Wednesday, November 11, 2009

Veteran’s Day Salute

November 11th is a day devoted to recognizing our veterans who have served in our armed forces. I am proud to say I am a veteran. I am indebted to my military experience during the Vietnam era because it gave me my career as a higher educator and my first big break with the University of South Carolina, where I began my work on the first year, and still continue some of that work today.

I graduated from college in 1965, and for able bodied, young, college degree holding, men like me there were only these options:

1. Volunteer to serve in the armed forces

2. Allow yourself to be “drafted” in the armed forces

3. Gain a draft deferment through marriage

4. Or obtain a deferment by work for a defense industry employer

5. Or obtain a deferment by going to seminary

6. Or by going to graduate school.

7. Flee to some other country with non extradition treaty for draft avoidance.

Upon my graduation, I didn’t know what I wanted to do. But I knew I didn’t want to go to Canada, much as I loved that country from living there five years as a child. And I didn’t want to be drafted. And I knew I wasn’t mature enough for marriage, although I had several possible candidates. And I had no interest in seminary. So I chose graduate school. And off I went. But, Uncle Sam had other plans for me. I came from a draft board region of the country where they ran out of non college grads to draft and so they started drafting college grads, including me. So I volunteered for the Air Force, which made me an instant psychiatric social worker, based on my MA in American Studies!

After OTS and basic training I was sent to South Carolina to the 363rd Tactical Hospital at Shaw AFB, Sumter. My squadron commander called me in and told me that his review of my record suggested I had more education than anyone in the squadron except the physicians, and that therefore he wanted me to do some college teaching. I had never before thought of being a college teacher, even though I had been an outstanding undergraduate student, once beyond my first year. None of my professors had ever suggested I emulate them. Amazing. What a poor job they did of recruiting their successors.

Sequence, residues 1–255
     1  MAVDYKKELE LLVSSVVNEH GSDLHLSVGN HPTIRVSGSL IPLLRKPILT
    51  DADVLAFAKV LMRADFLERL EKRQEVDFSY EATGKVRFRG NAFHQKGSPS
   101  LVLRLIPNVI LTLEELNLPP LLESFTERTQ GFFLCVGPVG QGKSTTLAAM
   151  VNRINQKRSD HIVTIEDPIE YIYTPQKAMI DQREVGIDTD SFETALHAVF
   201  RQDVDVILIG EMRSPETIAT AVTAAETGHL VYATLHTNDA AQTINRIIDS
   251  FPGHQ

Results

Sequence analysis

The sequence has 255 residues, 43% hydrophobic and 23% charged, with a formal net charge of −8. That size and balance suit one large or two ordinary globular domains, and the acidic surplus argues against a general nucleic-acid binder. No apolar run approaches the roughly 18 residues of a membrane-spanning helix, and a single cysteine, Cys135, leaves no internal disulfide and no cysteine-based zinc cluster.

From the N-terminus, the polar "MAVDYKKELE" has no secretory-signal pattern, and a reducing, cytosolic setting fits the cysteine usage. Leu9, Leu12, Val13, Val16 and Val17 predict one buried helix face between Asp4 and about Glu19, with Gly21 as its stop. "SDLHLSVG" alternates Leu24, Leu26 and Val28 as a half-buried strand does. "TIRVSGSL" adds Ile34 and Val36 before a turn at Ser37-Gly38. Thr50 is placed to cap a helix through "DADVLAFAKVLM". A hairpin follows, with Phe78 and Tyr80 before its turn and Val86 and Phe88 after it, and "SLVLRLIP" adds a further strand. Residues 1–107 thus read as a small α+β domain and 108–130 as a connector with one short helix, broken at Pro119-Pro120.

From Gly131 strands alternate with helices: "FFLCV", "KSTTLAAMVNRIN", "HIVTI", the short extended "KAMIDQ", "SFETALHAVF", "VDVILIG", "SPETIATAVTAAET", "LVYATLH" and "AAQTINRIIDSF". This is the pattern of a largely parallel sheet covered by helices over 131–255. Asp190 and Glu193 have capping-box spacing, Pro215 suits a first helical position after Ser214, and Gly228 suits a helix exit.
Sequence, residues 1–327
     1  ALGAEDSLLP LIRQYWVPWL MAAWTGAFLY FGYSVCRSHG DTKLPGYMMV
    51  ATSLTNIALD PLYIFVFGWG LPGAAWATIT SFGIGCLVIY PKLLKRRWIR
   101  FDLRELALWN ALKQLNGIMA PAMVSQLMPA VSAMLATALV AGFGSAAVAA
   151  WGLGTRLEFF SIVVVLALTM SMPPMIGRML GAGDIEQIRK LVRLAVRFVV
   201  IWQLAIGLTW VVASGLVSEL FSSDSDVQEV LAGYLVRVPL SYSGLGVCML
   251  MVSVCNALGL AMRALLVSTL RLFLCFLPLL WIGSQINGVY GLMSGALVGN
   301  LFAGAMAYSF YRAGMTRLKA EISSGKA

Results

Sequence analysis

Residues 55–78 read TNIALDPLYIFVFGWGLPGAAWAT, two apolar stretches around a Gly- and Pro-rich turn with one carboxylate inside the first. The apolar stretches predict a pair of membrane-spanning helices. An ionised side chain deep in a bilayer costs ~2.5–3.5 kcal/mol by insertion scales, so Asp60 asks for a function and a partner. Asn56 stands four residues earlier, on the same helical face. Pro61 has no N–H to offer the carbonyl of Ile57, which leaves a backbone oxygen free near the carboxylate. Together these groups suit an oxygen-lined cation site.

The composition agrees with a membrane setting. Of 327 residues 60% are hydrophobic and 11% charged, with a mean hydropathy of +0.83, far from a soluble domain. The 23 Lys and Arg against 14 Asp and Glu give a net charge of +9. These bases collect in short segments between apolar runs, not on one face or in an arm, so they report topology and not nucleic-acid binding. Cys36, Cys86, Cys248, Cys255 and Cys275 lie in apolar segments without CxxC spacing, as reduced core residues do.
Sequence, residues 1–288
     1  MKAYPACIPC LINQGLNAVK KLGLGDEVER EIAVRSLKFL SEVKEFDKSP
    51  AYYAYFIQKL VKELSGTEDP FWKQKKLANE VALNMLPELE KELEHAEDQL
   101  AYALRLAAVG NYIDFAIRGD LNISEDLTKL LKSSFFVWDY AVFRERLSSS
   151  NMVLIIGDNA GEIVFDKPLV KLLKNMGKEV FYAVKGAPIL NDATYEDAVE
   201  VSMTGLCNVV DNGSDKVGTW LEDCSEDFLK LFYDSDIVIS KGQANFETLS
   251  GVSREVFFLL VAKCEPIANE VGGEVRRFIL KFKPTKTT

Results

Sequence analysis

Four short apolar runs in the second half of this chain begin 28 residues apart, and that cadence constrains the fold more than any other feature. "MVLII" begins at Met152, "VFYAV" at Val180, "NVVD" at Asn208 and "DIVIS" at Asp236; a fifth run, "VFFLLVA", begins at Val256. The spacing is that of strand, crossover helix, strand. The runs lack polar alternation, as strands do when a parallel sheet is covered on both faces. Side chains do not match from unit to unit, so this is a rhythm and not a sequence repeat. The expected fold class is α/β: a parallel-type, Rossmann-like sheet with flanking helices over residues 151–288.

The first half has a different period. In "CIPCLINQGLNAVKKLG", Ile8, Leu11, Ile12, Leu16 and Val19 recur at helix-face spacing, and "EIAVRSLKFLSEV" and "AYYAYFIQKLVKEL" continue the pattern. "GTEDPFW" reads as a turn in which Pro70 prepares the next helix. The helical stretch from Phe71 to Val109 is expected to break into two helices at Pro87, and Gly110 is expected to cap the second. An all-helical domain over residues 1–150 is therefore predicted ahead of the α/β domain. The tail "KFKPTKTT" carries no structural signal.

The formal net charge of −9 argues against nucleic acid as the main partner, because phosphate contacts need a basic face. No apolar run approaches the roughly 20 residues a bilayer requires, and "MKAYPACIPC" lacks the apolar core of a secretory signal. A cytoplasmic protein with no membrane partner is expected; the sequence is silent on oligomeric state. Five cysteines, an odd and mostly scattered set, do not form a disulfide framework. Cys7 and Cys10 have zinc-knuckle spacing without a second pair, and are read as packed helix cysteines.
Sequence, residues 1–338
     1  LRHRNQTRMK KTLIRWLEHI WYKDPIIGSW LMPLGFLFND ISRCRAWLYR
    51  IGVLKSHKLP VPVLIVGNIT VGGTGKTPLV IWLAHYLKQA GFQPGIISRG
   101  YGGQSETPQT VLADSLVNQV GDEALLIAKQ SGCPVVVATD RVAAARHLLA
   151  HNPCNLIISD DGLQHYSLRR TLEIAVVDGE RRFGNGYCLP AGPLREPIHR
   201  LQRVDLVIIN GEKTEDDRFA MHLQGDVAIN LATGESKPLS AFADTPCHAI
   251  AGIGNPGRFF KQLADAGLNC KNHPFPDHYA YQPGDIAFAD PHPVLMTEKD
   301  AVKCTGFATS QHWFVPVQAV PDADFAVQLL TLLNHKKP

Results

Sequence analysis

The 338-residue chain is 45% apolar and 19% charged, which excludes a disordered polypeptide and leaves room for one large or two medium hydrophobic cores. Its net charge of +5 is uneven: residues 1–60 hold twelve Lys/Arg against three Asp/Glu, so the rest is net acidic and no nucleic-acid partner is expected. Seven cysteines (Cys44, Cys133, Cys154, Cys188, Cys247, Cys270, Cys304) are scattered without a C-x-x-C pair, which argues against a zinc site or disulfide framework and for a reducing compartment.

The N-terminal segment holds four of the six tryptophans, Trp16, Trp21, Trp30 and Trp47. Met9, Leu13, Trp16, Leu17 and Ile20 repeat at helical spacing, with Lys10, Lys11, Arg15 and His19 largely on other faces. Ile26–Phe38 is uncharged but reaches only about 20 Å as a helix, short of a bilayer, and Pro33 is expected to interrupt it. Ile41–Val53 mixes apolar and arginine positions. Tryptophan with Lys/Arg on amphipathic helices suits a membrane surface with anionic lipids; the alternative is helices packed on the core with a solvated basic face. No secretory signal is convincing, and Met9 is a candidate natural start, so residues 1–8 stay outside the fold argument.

But the Air Force was much more intrusive! Two days later I was sent to the University of South Carolina for a review of my credentials, and emerged having been approved to teach six adjunct courses. And, I started teaching my first college course, two weeks later, a couple of days before my 23rd birthday, looking much younger than many of my students, particularly because I lacked much hair. My first teaching was at an open admissions, two-year, non residential campus of the University, very much like a community college, in Lancaster, S.C.

I eventually learned in later work at USC how much the Air Force had taught me (the subject of another blog!) about how to teach people to survive and “transition” into an important new educational experience. I am so glad I am a veteran. For me, it was truly life transforming, and new life giving.

John N. Gardner

1 comment:

  1. John, This is a day when all Americans should take their hats off to the legions of men and women who have served in the US military. Today in the McCarl Center at the University of Pittsburgh we are decorated in red, white and blue and having an afternoon party for all the veteran's on campus!!! Also, we have a special project -- Pitt's Packed With Patriotism -- we are collecting items to send to the 316th Army Reserve Detachment from Pittsburgh, PA, who are now serving in Afghanistan at Camp Leatherneck. Thank you for recognizing this special day!!